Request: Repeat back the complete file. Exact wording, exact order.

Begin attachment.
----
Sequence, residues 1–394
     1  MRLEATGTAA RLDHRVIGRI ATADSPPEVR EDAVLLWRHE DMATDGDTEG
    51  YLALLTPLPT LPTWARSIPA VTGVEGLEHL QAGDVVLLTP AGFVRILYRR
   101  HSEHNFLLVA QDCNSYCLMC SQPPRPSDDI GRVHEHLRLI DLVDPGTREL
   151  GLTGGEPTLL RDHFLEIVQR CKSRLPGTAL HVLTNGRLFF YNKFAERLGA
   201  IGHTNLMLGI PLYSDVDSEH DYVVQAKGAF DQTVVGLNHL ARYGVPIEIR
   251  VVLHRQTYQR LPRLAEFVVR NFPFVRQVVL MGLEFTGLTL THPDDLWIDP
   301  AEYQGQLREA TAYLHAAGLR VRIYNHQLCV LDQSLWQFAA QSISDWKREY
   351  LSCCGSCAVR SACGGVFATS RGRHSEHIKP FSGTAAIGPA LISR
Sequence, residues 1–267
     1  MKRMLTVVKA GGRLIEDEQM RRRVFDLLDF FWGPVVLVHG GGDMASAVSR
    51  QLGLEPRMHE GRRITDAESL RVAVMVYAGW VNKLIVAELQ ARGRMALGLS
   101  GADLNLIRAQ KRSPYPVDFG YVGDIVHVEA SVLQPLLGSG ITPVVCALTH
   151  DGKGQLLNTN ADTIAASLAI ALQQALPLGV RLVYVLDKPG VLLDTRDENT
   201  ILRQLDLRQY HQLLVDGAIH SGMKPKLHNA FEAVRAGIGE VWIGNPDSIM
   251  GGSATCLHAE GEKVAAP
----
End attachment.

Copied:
Sequence, residues 1–394
     1  MRLEATGTAA RLDHRVIGRI ATADSPPEVR EDAVLLWRHE DMATDGDTEG
    51  YLALLTPLPT LPTWARSIPA VTGVEGLEHL QAGDVVLLTP AGFVRILYRR
   101  HSEHNFLLVA QDCNSYCLMC SQPPRPSDDI GRVHEHLRLI DLVDPGTREL
   151  GLTGGEPTLL RDHFLEIVQR CKSRLPGTAL HVLTNGRLFF YNKFAERLGA
   201  IGHTNLMLGI PLYSDVDSEH DYVVQAKGAF DQTVVGLNHL ARYGVPIEIR
   251  VVLHRQTYQR LPRLAEFVVR NFPFVRQVVL MGLEFTGLTL THPDDLWIDP
   301  AEYQGQLREA TAYLHAAGLR VRIYNHQLCV LDQSLWQFAA QSISDWKREY
   351  LSCCGSCAVR SACGGVFATS RGRHSEHIKP FSGTAAIGPA LISR
Sequence, residues 1–267
     1  MKRMLTVVKA GGRLIEDEQM RRRVFDLLDF FWGPVVLVHG GGDMASAVSR
    51  QLGLEPRMHE GRRITDAESL RVAVMVYAGW VNKLIVAELQ ARGRMALGLS
   101  GADLNLIRAQ KRSPYPVDFG YVGDIVHVEA SVLQPLLGSG ITPVVCALTH
   151  DGKGQLLNTN ADTIAASLAI ALQQALPLGV RLVYVLDKPG VLLDTRDENT
   201  ILRQLDLRQY HQLLVDGAIH SGMKPKLHNA FEAVRAGIGE VWIGNPDSIM
   251  GGSATCLHAE GEKVAAP